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Crikey says: a government strong-arming our cultural institutions

Have the Chinese found flight MH370? Threats and intimidation — by artists and the government. And a history of political protest. New jobs data and why “consumers” don’t know what they’re talking about. Paddy Manning on a big morning for Leighton Holdings. Plus should the ABC be privatised? The case for and against.

Federal Arts Minister George Brandis has entered the debate over Transfield’s aborted sponsorship of the Sydney Biennale. The Australian reports he has written to the head of national arts funding body the Australia Council over the “insult”, saying:

Artists, like everybody else, are entitled to voice their political opinions, but I view with deep concern the effective blackballing of a benefactor, implicit in this decision, merely because of its commercial arrangements.

Even more damagingly, the decision sends precisely the wrong message to other actual or potential corporate sponsors of the arts: that they may be insulted, and possibly suffer reputational damage, if an arts company or festival decides to make a political statement about an aspect of their commercial relationships with government, where it disapproves of a particular government policy which those commercial relationships serve.”

Some of that we can agree with; we’ve argued in this space that artists’ successful boycott of the event won’t serve the sector in the long term. But it’s the not-particularly veiled threat that follows that will really worry the arts community:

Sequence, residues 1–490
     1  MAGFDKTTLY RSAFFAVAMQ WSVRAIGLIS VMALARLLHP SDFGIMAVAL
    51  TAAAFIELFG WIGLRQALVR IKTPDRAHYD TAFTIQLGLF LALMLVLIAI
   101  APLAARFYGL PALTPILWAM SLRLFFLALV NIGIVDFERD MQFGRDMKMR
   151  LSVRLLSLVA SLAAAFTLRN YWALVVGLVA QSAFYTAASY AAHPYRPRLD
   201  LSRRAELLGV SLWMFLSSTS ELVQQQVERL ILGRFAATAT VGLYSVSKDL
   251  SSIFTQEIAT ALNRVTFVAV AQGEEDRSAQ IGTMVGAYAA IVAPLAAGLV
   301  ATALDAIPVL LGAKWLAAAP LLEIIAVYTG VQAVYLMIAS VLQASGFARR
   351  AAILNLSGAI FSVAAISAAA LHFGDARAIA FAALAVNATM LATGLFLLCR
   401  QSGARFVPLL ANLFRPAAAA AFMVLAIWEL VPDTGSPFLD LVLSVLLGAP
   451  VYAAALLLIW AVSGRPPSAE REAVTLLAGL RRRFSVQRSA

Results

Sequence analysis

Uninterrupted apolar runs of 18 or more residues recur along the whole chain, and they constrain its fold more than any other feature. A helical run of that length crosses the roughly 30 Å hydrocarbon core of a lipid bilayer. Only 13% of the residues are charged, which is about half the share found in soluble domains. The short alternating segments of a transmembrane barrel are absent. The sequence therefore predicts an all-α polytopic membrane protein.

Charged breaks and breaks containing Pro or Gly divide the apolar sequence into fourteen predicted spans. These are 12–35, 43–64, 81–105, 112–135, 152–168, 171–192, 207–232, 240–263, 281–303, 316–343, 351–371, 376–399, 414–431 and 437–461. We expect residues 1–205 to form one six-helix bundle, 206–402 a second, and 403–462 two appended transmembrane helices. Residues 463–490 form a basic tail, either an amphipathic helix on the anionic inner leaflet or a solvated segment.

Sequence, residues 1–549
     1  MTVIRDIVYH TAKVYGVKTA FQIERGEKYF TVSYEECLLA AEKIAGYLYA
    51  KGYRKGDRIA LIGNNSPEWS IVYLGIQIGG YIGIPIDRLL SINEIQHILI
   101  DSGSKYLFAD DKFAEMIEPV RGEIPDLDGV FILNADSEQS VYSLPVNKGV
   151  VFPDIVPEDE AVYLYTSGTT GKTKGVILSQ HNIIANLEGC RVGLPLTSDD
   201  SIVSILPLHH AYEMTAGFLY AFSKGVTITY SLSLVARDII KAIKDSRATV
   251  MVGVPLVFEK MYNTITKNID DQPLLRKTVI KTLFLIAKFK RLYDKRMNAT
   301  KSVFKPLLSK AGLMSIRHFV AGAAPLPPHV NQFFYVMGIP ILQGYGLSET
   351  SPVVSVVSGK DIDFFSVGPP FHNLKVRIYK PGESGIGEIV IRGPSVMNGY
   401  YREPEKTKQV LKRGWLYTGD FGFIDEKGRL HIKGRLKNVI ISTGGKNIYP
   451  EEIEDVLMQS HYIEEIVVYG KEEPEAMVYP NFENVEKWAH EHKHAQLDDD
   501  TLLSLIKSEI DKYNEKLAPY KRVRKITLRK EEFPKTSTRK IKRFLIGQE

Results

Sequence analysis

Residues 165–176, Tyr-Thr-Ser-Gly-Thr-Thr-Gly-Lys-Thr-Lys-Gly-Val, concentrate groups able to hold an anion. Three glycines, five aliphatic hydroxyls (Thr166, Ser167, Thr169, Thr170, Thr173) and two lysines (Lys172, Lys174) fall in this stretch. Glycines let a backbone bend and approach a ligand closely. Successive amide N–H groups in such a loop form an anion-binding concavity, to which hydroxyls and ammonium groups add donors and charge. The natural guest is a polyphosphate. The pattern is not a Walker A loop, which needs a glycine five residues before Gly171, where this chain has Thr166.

You will readily understand that taxpayers will say to themselves: ‘If the Sydney Biennale doesn’t need Transfield’s money, why should they be asking for ours?’”

Brandis says it makes it “difficult to justify” government support for the Biennale, via the Australia Council; when the contract is renewed next year the government will ”have regard to this episode and to the damage” it has done.

Sound familiar? Here’s Tony Abbott, speaking about the ABC’s defence of a Chaser skit involving conservative columnist Chris Kenny, recently:

The point I make is that government money should be spent sensibly, and defending the indefensible is not a very good way to spend government money. Next time the ABC comes to the government looking for more money, this is the kind of thing that we would want to ask them questions about.”

It’s intimidation, pure and simple. As Raymond Gill reports for Crikey, arts companies are anxious. Last night, ABC chairman Jim Spigelman admitted management felt the “greater degree of scrutiny” the broadcaster has been subject to.

The funding may survive — at the ABC, for the Australia Council, elsewhere — but the intimidation will have worked.

4
  • 1
    klewso
    Posted Thursday, 13 March 2014 at 2:18 pm | Permalink

    His idea of “culture”? Didn’t Beetle attend that Tea Party festival of light on the lawn in Canberra - the one with “barbecued bitch(?)” for afters?
    Maybe this snubbed mob could fund his personal appearances at those weddings? Or buy him some more books, to burn?
    What’s he going to do for a hide when the elephant wants it back?

  • 2
    David Hand
    Posted Thursday, 13 March 2014 at 5:49 pm | Permalink